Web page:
China: Shanghai will exempt Tesla and other imported electric cars from its dreaded license plate auction. Big deal? Well, Shanghai is the world’s most populous city, and the auction often tacks between $12,000 and $15,000 onto the price of a car. Chinese-built EVs have always been exempt, but now Tesla is exempt too, up to the first 3,000 units sold. After that, Tesla would have to ask for more. So yes, this is a big deal. With any luck, this attitude will spread to the world’s second most populous city, Beijing. It doesn’t run an auction, but instead forces everyone to enter a lottery with roughly 1/30 odds of winning a plate, exempting only locally-built electric cars. These measures are meant to make polluting-car ownership as miserable as possible, to boost EV sales and de-smoggify the air.
Japan: When Panasonic says “maybe” about the Gigafactory, it really means “hell yes.” Panasonic is struggling to make money in consumer electronics but makes a juicy profit in “eco solutions.” That comprises energy-saving components for new homes, and battery supply to Tesla. So any public hesitation by Panasonic is merely a ploy for better Gigafactory partnership terms. The two companies are in the same canoe and will soon agree to shut up and paddle.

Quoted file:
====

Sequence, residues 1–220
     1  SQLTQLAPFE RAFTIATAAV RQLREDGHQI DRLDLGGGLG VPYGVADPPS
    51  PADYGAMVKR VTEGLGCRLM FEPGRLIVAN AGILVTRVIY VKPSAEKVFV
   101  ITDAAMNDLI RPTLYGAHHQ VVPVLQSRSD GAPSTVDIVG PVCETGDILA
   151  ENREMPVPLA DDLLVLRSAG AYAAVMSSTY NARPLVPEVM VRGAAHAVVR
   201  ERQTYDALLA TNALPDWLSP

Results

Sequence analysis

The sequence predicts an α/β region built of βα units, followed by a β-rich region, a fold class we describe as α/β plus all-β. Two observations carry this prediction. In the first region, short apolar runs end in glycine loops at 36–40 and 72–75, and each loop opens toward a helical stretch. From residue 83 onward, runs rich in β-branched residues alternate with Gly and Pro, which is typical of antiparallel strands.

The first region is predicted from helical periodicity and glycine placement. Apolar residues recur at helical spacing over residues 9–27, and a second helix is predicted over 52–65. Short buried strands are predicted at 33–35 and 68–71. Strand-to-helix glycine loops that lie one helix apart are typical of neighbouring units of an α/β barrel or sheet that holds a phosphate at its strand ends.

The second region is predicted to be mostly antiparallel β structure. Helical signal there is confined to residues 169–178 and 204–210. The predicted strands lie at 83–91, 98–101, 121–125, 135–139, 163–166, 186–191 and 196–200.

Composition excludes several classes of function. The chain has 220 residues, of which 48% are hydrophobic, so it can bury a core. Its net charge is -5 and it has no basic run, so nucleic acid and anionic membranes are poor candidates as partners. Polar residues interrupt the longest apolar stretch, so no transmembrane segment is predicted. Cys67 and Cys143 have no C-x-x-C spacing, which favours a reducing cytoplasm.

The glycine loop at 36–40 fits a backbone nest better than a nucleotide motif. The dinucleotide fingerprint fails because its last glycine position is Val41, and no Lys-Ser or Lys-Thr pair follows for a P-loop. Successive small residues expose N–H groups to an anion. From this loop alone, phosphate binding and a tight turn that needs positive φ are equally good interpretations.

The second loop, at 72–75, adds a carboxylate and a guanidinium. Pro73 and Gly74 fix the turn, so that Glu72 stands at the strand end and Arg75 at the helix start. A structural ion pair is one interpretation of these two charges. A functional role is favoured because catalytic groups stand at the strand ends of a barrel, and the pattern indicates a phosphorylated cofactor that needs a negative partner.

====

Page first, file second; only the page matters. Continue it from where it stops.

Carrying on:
India: It could be the next “China” for Tesla, says Tesla’s CFO. India has wealthy denizens and smoggy cities. Sounds a bit like China, yes? However, India is a real fixer-upper. China may lack a solid EV infrastructure, but India arguably lacks an infrastructure, period. The country desperately needs civil engineers, but the pay stinks. So the young and educated understandably gravitate to the lucrative computer industry instead of sweating at low-pay public works projects that are likely polluted by corruption anyway. Harsh but true. And so day-to-day challenges abound. India is home to the worst power outages in world history, and traffic control barely exists. Road fatalities far exceed all other nations. Urban driving is a game of inches, and the Model S and X are wider than most Indian transport. Also, Tesla’s environmental appeal may be largely lost in India at least for a few years, because the “greenest” residents are among the poorest. Unlike in the US, where it’s vogue to be “aware,” and where people of all strata buy Priuses “just because,” Indian environmentalism is not vogue. It struggles to “trickle up” from the agricultural sector as it tries to fight off industrial land-taking and pollution. Despite all of this, Indian natives Tata, Reva and Mahindra do indeed sell EVs. Battery-powered scooters and rickshaws whoosh about. Will Tesla’s Gen III emerge just as India’s middle class develops a healthy appetite for EVs? Will Tesla develop a special horn suited for the rigors of Indian commuting? Automakers do build special horns for India, you know. And most importantly, will Tesla’s autopilot system flash profane messages on the touch screen when it tries to negotiate Indian intersections?